By Craig Tomashoff Tom Gliatto and Tom Cunneff
Updated February 21, 1994 12:00 PM

YOU PROBABLY WOULDN’T WAVE TO SPEND YOUR WHOLE LIFE IN a one-or two-bedroom unit at Melrose Place. But for now you’d kill to sublet in this unpretentious stucco complex, just around the corner from one of Los Angeles’s trendiest shopper-friendly avenues. You will never, ever be bored here. The nine tenants are all in their 20s, with nicely toned bods beneath their studiously casual clothes. They hop in and out of bed with each other, flaunting the gymnastic alacrity of aerobically fit youth. And the romantic entanglements are nothing compared to the weekly skulduggery.

There’s that beautiful but emotionally overwrought redhead who’s been dabbling in prostitution. And there’s that young doctor—only recently able to walk again after a terrible car accident—who has just sent his ex-wife, whom he’s trying to win back, a shocking videotape. It shows her new boyfriend in bed with a hooker. (The doctor set it up with the help of the redhead, who happens to be his ex’s sister.) Best of all, your apartment manager is Heather Locklear! As Amanda Woodward, she patrols this fish tank like a blond barracuda, scavenging for sex and trouble.

Wow, you’re thinking, what’s the rent?

Standing around the apartment pool (the series is filmed in Santa Clarita, 35 miles north of Hollywood), three Melrose Place stars—Locklear, Andrew Shue and Grant Show—try to pin down the figure.

“Eight hundred?” muses Shue, 27, who plays hunky writer Billy Campbell. (See related story, page 71.)

“I’m not sure,” says Locklear, 32, previously best known as the nubile Sammy Jo on Dynasty. (See related story, page 68.) “But you get to peek through windows and sleep with the manager.”

Turns out, the rent is 800 bucks, according to a previous episode. Cheap, they agree. “That’s why we live here,” says Ryan’s Hope veteran Show, 31, who’s mechanic-handyman-gawk object Jake Hanson.

Paradise! In this, its second season, the Beverly Hills 90210 spinoff has turned into a compulsively watchable, high-trash hit with almost unbeatable demographics. Melrose, currently the No. 2-rated drama in the Nielsens among 18-to 34-year-olds, is Dynasty for Generation X. No. 1 among this age group is 90210, which like Melrose was created by Darren Star, 32, and executive-produced by Aaron Spelling. And like 90210, “Melrose is fun to see with a lot of people,” says Show, who watches with girlfriend and costar Laura Leighton, 25, who’s Sydney, that dangerous redhead. (See related story, page 71.) “You can yell at it.”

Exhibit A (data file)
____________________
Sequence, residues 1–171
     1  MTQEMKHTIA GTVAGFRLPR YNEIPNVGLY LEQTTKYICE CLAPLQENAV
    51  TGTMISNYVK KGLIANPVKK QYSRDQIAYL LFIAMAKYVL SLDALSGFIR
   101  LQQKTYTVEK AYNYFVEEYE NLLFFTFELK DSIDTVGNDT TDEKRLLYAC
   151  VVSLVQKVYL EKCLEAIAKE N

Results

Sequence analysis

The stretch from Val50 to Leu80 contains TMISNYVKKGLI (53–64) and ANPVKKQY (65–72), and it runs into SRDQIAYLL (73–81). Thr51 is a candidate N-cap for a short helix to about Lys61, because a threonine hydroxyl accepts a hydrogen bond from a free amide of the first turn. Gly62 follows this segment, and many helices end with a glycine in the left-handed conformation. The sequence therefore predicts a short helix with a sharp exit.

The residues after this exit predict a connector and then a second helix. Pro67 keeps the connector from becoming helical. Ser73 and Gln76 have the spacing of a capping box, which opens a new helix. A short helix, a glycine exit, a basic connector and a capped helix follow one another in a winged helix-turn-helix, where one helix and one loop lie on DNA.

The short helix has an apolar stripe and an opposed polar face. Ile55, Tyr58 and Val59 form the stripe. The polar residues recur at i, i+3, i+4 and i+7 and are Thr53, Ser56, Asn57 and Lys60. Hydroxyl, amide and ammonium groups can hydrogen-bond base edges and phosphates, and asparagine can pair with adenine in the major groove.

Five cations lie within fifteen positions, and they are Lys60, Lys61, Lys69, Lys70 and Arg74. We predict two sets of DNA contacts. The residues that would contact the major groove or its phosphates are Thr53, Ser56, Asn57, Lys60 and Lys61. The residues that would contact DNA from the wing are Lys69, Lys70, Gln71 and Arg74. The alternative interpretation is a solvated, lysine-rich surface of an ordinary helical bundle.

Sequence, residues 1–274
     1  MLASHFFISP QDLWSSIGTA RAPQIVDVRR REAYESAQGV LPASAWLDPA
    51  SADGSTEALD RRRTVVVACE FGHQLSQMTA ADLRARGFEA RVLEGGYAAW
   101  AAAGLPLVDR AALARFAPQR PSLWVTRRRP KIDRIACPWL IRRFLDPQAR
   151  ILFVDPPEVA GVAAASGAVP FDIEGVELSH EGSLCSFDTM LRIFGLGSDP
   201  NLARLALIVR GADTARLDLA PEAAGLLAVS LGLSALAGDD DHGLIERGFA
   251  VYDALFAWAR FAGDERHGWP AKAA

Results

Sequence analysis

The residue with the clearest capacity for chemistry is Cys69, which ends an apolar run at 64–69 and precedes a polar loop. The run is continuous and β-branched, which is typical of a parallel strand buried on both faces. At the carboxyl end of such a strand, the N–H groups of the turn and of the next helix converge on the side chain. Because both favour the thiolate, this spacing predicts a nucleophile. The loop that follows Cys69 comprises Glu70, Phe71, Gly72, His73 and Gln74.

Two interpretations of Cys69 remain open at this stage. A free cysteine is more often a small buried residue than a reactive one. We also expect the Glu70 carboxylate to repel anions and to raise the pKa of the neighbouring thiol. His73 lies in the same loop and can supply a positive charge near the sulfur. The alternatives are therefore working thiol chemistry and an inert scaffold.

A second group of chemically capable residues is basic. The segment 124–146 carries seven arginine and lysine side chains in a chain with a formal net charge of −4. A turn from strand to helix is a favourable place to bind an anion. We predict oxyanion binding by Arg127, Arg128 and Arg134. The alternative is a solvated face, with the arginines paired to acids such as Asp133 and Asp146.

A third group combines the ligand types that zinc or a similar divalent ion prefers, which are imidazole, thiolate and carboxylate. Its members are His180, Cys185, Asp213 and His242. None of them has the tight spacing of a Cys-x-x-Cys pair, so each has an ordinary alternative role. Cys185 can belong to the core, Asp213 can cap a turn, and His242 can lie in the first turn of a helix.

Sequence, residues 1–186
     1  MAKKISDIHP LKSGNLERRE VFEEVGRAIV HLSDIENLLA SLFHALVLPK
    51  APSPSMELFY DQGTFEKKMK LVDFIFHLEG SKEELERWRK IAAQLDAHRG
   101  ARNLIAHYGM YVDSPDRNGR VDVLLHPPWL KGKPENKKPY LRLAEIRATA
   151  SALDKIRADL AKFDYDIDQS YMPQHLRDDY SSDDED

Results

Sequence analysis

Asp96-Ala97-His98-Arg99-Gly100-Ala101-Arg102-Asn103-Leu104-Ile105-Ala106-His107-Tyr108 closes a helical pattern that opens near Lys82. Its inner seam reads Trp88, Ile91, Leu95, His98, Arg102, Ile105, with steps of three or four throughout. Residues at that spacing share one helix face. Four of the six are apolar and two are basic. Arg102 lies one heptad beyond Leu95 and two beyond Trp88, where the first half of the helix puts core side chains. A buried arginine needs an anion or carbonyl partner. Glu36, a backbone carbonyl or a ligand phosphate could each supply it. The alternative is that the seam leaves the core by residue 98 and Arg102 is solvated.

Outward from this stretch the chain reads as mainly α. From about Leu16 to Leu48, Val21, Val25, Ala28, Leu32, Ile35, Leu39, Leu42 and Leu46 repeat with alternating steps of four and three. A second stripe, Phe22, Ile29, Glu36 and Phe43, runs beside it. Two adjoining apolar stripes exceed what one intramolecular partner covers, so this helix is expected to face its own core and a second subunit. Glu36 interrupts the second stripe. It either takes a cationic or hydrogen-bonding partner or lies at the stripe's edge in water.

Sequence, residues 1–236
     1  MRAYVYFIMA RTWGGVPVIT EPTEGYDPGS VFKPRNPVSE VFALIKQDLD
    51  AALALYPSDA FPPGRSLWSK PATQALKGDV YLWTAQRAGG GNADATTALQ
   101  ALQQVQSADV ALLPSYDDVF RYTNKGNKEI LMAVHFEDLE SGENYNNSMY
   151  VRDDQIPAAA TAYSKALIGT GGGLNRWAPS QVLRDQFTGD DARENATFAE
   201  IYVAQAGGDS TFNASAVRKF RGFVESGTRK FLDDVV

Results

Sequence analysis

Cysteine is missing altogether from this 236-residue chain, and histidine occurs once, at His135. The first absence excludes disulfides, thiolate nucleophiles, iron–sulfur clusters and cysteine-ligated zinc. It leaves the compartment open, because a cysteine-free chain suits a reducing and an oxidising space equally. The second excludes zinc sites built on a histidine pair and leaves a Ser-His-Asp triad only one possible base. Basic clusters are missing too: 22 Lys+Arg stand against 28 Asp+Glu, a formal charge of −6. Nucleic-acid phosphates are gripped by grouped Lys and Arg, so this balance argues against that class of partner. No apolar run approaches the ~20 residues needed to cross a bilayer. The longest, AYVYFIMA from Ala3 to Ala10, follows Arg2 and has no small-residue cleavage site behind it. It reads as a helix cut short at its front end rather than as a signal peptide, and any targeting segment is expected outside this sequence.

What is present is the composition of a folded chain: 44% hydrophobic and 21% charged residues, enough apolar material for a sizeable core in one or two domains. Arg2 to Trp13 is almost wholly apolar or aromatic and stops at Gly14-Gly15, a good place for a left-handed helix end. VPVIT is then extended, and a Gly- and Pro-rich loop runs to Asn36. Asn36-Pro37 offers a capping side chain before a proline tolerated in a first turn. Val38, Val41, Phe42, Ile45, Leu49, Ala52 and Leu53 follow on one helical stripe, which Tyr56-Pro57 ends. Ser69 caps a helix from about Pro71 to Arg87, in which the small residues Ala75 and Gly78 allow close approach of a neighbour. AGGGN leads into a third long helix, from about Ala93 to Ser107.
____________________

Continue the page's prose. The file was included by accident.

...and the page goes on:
And soon you’ll hear an echo: Melrose will in turn spin off an eight-episode series, Models Inc., debuting in June. It will not be about missionary nuns.

“There’s such a thing as balance, and Melrose really satisfies one end of the scale,” says Daphne Zuniga (smoky-voiced photographer Jo Reynolds), 30. “It doesn’t have to do with the intellect.”

Star can’t resist pointing at Locklear, poolside in a short skirt. “We do try to make everybody look good,” he admits.

Irresistible, in fact. Most members of the youngish cast can testify to the peculiar sort of stardom that comes with a hit prime-time soap. “When I was doing films, people didn’t just come up and start giving you their opinions,” says Zuniga, who costarred in The Sure Thing and Space-balls. “Now I hear voices behind me start talking, ‘Don’t get involved with this new guy!’ ” (That’s guest star James Wilder, who plays an old flame just out of prison.)

Actually, Thomas Calabro, 35, the duplicitous Dr. Michael Mancini, is getting tired of people asking him why his character is so obsessed with winning back his perfectly nice ex-wife, designer Jane (Josie Bissett). “Guys on the golf course joke, ‘Don’t come near my wife,’ ” says Calabro, a New York City-trained actor, who recently bought a home in the L.A. area with his wife, Elisabeth, a writer. “At least people don’t come up and smack me.”